There is a great range of orange sodas from Fanta (originally produced in Italy in 1955), the French Orangina (both original and blood orange versions) and – a firm favourite of many – San Pellegrino.
When combined with gin, it makes a drink that is delightfully summery. I would recommend serving it “Gin Tonica” style with plenty of ice and a fresh citrus garnish – you’ll feel like you’re sippin’ on sunshine!
Other citrus sodas include Fanta Lemon, which is notably popular as a gin mixer in Spain and the Balearic Islands; it also mixes wonderfully with sloe gin. The Double Lemon from Double Dutch has a similar character, but with the added bitterness of quassia bark. Finally, there is Ting, a grapefruit-flavoured soda that comes from the Caribbean.
If you struggle to choose between orange and cola, then consider a combination of the two, also known as Spezi or Mezzo Mix; the latter has the tagline, “Cola küsst Orange” (“Cola kisses orange”). If these are unavailable, you can always make your own by mixing 2 parts cola to 1 part sparkling orange – Orangina or San Pellegrino are good choices.
The orange flavours provide a bright, fresh, and zesty character, whilst the cola brings some spiced complexity. When mixed with gin, there’s a pleasant balance in all these flavours; this is a really unusual drink, but well worth a try.
Yes, ice-cream! Not all mixers come in bottles or cans; some come in tubs and cones. The drinks outlined below take their inspiration from The White Cargo, a cocktail that is probably named after the 1923 play by Leon Gordon. The drink first appeared in print in 1927 and combines gin, vanilla ice-cream, and a splash of white wine.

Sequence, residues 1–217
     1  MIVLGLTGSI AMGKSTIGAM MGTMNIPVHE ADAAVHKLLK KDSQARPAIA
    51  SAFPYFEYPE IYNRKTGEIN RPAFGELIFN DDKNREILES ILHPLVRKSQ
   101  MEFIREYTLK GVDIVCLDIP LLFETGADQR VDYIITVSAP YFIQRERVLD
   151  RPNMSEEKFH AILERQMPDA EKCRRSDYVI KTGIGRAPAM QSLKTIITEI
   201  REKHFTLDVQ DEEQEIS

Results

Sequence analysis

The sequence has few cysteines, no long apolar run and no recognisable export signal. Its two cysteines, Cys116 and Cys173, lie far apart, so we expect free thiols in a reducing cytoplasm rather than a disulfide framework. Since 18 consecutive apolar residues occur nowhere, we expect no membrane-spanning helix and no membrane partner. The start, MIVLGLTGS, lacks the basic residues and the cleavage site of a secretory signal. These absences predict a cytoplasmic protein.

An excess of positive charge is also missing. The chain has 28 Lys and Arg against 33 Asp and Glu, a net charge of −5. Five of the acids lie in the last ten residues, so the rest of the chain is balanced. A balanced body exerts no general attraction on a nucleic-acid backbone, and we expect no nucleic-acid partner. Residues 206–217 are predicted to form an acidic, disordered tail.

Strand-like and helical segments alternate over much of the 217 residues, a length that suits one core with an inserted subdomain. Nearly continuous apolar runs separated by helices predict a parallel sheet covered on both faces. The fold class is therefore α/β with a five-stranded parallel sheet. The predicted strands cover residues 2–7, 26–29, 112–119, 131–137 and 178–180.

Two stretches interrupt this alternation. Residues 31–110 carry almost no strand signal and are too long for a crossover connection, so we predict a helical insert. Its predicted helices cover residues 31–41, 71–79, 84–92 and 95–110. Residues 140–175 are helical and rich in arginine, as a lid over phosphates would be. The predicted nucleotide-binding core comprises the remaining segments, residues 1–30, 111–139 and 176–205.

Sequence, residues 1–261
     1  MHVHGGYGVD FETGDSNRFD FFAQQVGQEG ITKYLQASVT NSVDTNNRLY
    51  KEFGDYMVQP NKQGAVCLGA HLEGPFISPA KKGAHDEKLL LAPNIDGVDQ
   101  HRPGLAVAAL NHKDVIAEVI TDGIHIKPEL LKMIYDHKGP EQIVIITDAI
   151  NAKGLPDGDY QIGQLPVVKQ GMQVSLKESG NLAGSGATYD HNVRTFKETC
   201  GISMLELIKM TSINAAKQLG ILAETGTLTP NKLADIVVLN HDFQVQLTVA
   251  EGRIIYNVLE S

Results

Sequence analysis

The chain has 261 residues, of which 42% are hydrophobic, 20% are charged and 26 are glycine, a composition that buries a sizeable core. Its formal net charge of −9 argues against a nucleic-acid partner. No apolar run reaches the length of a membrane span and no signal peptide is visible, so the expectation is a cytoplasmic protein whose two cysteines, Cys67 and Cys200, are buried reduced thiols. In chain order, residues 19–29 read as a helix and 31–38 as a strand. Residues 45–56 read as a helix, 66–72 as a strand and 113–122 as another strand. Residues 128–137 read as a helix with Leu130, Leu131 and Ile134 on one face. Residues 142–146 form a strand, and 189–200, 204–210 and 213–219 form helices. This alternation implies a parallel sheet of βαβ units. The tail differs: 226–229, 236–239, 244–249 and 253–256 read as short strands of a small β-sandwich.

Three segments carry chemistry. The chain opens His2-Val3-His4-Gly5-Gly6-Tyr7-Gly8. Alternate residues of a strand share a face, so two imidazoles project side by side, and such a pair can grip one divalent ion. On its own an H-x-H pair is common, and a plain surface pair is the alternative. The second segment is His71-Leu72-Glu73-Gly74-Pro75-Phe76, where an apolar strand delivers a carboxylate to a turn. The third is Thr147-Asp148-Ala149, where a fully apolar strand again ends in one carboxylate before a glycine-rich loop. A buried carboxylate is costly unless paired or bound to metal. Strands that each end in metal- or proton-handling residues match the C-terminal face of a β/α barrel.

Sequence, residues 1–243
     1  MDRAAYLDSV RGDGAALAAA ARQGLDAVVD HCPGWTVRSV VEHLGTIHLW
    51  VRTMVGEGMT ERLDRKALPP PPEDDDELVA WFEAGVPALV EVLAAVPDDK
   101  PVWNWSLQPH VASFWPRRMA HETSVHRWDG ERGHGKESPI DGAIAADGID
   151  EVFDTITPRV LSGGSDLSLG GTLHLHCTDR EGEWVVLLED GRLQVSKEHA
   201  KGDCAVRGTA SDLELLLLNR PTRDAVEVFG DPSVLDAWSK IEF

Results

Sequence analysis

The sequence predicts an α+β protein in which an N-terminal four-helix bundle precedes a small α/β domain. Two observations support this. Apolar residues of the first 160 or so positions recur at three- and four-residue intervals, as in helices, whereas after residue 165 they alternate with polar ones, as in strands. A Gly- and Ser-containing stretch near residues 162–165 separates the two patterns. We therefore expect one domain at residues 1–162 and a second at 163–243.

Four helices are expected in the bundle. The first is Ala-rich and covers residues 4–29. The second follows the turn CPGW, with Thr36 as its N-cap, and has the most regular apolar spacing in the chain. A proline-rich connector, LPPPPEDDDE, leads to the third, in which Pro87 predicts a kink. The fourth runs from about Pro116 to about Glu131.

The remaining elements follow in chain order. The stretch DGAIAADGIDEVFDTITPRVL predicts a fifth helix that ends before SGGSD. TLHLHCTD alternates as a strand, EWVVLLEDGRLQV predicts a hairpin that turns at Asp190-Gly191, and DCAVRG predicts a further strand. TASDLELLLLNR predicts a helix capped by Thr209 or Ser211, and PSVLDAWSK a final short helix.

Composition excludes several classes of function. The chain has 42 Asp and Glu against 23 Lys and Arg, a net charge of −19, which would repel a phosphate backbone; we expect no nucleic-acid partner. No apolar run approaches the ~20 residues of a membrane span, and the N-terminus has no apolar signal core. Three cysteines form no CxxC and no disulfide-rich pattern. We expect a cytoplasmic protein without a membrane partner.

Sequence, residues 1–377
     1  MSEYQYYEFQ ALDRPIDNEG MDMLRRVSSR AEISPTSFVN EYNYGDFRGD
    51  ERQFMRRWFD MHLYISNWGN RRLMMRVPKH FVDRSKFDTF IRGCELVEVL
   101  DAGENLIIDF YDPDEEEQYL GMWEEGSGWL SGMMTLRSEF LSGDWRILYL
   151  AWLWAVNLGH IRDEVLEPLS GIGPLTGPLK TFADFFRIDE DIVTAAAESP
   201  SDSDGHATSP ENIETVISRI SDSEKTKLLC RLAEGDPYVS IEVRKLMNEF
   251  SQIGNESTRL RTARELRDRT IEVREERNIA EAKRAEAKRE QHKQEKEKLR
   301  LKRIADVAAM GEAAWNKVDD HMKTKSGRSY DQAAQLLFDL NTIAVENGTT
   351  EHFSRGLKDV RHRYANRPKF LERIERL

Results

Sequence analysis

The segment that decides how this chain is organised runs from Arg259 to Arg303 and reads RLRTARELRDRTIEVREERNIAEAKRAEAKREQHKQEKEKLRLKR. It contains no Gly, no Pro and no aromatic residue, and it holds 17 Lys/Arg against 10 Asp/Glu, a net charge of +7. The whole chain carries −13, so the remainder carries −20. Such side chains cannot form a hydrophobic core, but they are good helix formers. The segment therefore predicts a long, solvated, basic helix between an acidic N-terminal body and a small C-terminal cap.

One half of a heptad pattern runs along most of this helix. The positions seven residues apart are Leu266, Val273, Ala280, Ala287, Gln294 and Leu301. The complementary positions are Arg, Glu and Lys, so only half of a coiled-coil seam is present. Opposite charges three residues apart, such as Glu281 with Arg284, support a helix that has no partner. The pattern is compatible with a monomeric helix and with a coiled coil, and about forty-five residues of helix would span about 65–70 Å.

The versions below have dispensed with the wine, but instead allow the drinker to experiment more with flavours from the ice-cream itself. There is even a way to lengthen the drink if desired: simply pour into a tall glass and slowly top up with sparkling water, before serving with a straw.
Combine 50ml gin and 1 large scoop of ice-cream in a cocktail shaker. Shake and strain into a cocktail glass. Garnish with grated chocolate or a pinch of nutmeg.
Vanilla Gin Pearl
This is a fantastic dessert cocktail: rich and indulgent. The ice-cream gives it a rich texture and the aeration from the shaking provides a little fluffiness. For an extra flair, add a splash of maraschino cherry liqueur before shaking.
Chocolate Gin Pearl
Incredibly decadent: reminiscent of melted chocolate mixed with gin, and the dark cocoa flavours work well with the gin’s botanical notes. This is like having a dessert, coffee, and after-dinner chocolate all rolled into one.
These are just two examples, but there are as many possibilities as there are types of ice-cream (mint choc chip doesn’t really appeal, but who knows?). For those who like things a tad tart, try a scoop of sorbet instead.
It’s worth emphasising after this exploration that there is nothing wrong with tonic water! However, if you fancy a change, hopefully this has provided a little inspiration.